Bloomberg Media has laid off close to a dozen employees in its media distribution unit, which cuts distribution deals for video, photo, text, data and other content from the business news giant.
According to three sources with direct knowledge of the unit’s business, Bloomberg Media has laid off at least 11 employees from its Bloomberg Media Distribution division. Before the layoffs, BMD had about 50 employees in the U.S., London, Hong Kong and Singapore, though some of them had other responsibilities outside of BMD, one of the sources estimated. Overall, the BMD division is profitable and generates close to $50 million in annual revenue, two sources said. Revenue was also growing 12 to 15 percent annually over the past five years, one of those two people added.
“We recently made some changes in our organization to bring media distribution and digital together under one group, directing our resources towards digital and other areas of growth,” said a Bloomberg Media spokesperson.
BMD licenses Bloomberg Media content — everything from its linear TV network to original video series, articles, photos and data — to syndication partners in more than 130 countries. The division also had deals with other publishers, including The Economist, The Hollywood Reporter and Billboard, to license their content to broadcast and publishing clients globally.
BMD has two sub-units: one focused on content sales to magazines and newspapers — essentially, transactional news wire deals — and a second which focuses on broader, long-term deals with portals, social platforms and other co-branded distribution partnerships. The cuts happened across the unit.
The layoffs follow recent internal reorganization at Bloomberg Media over the summer. About five months ago, BMD was moved from underneath the oversight of Bloomberg Media COO Jacki Kelley to Scott Havens, Bloomberg Media’s global head of digital. Sources said the cuts of about a dozen people came under Havens.
The sources said the given BMD was growing revenue, the cuts were perplexing. “BMD did deals that had nice revenue attached to it, but there was also an awareness value by helping the content reach a much broader audience,” said one source.
Elsewhere at the company, in August, the New York Post reported that Bloomberg Media had let go of about two dozen traditional ad sales people.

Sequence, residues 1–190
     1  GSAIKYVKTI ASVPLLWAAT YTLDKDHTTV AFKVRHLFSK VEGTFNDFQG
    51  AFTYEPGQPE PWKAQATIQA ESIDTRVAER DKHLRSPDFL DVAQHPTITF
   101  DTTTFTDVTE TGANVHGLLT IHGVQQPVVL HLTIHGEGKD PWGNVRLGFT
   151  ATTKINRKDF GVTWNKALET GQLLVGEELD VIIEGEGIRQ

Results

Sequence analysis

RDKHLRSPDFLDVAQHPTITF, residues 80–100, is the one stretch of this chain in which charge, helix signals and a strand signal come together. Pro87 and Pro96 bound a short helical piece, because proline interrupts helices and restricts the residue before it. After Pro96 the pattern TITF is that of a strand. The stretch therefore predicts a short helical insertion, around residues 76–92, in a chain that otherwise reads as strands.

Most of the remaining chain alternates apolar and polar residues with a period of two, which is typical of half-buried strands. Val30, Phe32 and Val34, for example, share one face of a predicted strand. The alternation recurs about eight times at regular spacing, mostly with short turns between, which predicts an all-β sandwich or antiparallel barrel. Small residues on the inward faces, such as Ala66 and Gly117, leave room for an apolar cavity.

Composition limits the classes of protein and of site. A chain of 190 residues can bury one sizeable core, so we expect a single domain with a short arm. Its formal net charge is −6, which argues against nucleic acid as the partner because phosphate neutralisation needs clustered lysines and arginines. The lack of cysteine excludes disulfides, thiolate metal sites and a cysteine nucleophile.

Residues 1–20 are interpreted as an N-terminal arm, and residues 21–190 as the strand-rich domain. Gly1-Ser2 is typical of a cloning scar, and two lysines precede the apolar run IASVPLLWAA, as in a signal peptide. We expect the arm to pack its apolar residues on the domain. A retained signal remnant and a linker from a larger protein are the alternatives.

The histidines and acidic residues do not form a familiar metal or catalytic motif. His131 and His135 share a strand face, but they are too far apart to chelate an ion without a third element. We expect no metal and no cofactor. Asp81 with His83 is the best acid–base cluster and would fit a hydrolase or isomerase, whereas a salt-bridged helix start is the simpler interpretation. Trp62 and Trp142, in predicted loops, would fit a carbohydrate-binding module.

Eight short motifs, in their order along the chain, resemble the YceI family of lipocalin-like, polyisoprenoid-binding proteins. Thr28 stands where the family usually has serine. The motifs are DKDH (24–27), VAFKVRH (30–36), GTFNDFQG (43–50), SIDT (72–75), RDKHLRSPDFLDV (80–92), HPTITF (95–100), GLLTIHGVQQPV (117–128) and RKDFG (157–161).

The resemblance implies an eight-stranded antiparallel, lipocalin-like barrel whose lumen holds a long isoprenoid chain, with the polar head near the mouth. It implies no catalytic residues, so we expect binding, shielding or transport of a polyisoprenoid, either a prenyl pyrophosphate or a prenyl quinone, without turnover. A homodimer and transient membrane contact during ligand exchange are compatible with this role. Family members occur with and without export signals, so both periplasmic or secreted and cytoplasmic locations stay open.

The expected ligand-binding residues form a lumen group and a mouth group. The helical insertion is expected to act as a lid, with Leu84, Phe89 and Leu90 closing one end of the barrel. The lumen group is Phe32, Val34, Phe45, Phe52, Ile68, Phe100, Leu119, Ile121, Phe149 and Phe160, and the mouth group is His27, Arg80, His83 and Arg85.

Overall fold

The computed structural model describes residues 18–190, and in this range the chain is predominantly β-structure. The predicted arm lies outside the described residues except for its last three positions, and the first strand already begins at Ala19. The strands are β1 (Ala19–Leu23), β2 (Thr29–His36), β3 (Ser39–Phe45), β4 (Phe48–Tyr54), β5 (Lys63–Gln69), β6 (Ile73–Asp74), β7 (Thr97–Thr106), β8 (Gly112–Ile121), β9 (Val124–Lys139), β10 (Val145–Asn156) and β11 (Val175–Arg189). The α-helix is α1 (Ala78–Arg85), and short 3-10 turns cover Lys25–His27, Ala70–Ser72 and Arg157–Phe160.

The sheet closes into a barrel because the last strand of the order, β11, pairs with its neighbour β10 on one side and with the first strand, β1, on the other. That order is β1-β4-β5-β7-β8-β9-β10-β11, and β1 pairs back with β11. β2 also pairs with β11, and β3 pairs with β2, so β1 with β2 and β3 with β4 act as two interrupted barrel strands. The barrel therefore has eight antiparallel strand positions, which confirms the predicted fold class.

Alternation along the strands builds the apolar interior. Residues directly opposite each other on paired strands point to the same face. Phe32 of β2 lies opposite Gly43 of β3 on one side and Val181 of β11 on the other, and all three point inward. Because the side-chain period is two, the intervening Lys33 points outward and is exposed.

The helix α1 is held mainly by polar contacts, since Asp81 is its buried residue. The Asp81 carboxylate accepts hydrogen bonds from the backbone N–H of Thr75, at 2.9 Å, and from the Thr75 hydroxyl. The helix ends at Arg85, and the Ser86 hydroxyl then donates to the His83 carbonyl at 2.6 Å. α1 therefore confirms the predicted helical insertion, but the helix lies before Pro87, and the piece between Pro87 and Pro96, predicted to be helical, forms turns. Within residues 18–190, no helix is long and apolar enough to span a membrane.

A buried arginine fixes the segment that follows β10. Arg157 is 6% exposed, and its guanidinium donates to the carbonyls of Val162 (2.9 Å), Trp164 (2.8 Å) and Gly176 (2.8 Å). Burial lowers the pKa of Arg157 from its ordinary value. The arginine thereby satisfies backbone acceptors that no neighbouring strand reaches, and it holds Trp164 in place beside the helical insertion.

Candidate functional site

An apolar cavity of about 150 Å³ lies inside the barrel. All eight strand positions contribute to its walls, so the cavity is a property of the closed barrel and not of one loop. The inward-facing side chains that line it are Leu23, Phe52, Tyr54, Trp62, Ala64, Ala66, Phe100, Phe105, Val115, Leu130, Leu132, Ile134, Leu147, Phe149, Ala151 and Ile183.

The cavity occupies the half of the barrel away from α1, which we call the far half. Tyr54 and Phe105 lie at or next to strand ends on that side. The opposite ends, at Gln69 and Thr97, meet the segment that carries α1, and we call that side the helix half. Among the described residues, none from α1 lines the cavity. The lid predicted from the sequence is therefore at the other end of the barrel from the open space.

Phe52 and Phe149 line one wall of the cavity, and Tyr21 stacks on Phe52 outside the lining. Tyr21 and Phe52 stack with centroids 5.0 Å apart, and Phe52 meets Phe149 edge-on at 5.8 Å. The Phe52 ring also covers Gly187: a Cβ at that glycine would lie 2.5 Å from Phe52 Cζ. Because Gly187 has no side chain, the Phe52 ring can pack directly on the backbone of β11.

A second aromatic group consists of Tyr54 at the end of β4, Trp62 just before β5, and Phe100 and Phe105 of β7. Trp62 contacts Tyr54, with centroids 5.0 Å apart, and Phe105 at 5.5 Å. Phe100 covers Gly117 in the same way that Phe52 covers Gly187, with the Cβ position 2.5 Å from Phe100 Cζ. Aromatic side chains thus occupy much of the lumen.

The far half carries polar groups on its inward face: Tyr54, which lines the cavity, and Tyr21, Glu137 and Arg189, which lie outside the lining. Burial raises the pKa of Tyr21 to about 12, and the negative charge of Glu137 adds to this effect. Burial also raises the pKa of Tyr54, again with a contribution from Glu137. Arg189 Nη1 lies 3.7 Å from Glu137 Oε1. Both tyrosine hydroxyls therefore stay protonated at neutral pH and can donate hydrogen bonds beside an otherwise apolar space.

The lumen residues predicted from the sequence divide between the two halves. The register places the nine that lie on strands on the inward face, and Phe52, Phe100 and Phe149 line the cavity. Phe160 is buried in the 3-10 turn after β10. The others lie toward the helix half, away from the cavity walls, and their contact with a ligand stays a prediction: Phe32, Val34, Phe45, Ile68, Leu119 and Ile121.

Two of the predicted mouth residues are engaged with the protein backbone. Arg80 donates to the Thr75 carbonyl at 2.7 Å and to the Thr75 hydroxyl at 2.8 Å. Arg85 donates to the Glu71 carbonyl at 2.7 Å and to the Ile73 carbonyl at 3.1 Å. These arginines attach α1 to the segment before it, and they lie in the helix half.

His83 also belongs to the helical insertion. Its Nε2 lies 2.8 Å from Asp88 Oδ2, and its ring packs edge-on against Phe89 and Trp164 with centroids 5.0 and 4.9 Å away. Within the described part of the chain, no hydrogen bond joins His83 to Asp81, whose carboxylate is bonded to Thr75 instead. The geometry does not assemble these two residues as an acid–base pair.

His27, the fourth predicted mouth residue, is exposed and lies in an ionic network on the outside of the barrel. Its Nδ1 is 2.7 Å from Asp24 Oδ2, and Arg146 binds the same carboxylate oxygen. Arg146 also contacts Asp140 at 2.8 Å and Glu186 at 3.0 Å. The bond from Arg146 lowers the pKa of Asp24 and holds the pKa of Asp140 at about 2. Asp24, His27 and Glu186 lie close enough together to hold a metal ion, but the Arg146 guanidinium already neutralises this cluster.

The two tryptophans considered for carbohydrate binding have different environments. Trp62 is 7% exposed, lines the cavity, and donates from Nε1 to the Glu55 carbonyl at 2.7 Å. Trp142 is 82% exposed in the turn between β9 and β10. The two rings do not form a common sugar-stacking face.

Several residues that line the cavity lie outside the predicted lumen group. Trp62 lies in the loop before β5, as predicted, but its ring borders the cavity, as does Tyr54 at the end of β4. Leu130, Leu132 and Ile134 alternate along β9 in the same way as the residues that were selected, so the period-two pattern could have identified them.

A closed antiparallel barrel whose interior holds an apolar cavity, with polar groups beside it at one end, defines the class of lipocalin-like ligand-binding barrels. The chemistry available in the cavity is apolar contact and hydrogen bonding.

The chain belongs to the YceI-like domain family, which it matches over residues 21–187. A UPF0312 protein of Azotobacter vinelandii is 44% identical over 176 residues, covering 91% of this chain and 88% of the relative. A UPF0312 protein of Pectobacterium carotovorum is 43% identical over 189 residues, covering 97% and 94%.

At the same time, Bloomberg Media announced it was building an “end-to-end” agency consulting business, with plans to hire roughly 30 people. Andrew Benett, the former CEO of Havas, was hired to oversee this business. Digital advertising now accounts for half of Bloomberg Media’s revenue, and has grown 25 percent year over year through the third quarter, according to a company spokesperson.*
“They’re starting this consulting business, and my understanding was that the big ad-sales layoff was done in order to make way for the high-priced consultants needed for that kind of business,” one source said.
Also, in the past six months, a half-dozen other key digital executives have left Bloomberg Media, including the organization’s heads of marketing, product and video product. The company has also made new hires to head up mobile apps, innovation, digital strategy and business development, and consumer subscription revenue, among other business areas.
Bloomberg also plans to launch a live social news network in partnership with Twitter, for which the company is planning to hire 50 people.
This piece has been updated to reflect Bloomberg’s digital ad revenue growth in 2017.
Marketers weigh the cons of working with Google Ad Manager amid Justice Department’s new lawsuit
When is it time to back away?
Atlas Obscura wants to be profitable before raising funds in a tricky media market
Atlas Obscura wants to turn a profit this year before it raises another funding round, at a time when publishers are facing lower valuations and pickier investors as deal activity slows.
Publishers report Q1 ad revenue is pacing 10-25% behind forecasts
Publishers are facing a slow start to Q1 and sales teams have a lot of work to do to regain lost time.
SponsoredHow ad tech is tackling waste by optimizing supply chains
Sponsored by Bidtellect The programmatic and digital advertising industry is well aware of the inefficiencies in buying and selling — from auction duplication and volume bias to multi-integrations and reselling. For many, these challenges can appear to be out of control, leaving programmatic teams asking the question, “how can we fix it?” A redundant, multiple-step process […]
WTF is cookie stuffing?
Fraud is a well-documented pox on digital advertising, but it’s also an issue for publishers and marketers working together on affiliate marketing deals, too. One of the more tried-and-true techniques is cookie stuffing.
Media Briefing: Subscriber churn is up, but the economic downturn isn’t necessarily to blame
Even though subscription growth is declining year over year and churn rates are on the rise, this is likely more a story of returning to normalization than one of the economic downturn damaging yet another publisher business.